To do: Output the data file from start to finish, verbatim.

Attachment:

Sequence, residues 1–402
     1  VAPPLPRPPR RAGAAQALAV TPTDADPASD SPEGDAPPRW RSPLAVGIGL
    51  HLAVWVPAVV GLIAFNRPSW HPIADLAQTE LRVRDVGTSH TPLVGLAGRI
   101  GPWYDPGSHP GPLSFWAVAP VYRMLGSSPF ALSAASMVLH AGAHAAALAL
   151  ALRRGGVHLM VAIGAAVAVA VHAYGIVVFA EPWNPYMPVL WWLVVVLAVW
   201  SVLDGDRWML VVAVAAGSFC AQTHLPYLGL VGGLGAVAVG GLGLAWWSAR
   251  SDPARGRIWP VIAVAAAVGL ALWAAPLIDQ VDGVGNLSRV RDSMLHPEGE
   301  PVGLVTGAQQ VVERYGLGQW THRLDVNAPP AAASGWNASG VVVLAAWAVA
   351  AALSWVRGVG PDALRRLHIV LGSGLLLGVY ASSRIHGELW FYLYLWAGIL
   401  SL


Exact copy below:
Sequence, residues 1–402
     1  VAPPLPRPPR RAGAAQALAV TPTDADPASD SPEGDAPPRW RSPLAVGIGL
    51  HLAVWVPAVV GLIAFNRPSW HPIADLAQTE LRVRDVGTSH TPLVGLAGRI
   101  GPWYDPGSHP GPLSFWAVAP VYRMLGSSPF ALSAASMVLH AGAHAAALAL
   151  ALRRGGVHLM VAIGAAVAVA VHAYGIVVFA EPWNPYMPVL WWLVVVLAVW
   201  SVLDGDRWML VVAVAAGSFC AQTHLPYLGL VGGLGAVAVG GLGLAWWSAR
   251  SDPARGRIWP VIAVAAAVGL ALWAAPLIDQ VDGVGNLSRV RDSMLHPEGE
   301  PVGLVTGAQQ VVERYGLGQW THRLDVNAPP AAASGWNASG VVVLAAWAVA
   351  AALSWVRGVG PDALRRLHIV LGSGLLLGVY ASSRIHGELW FYLYLWAGIL
   401  SL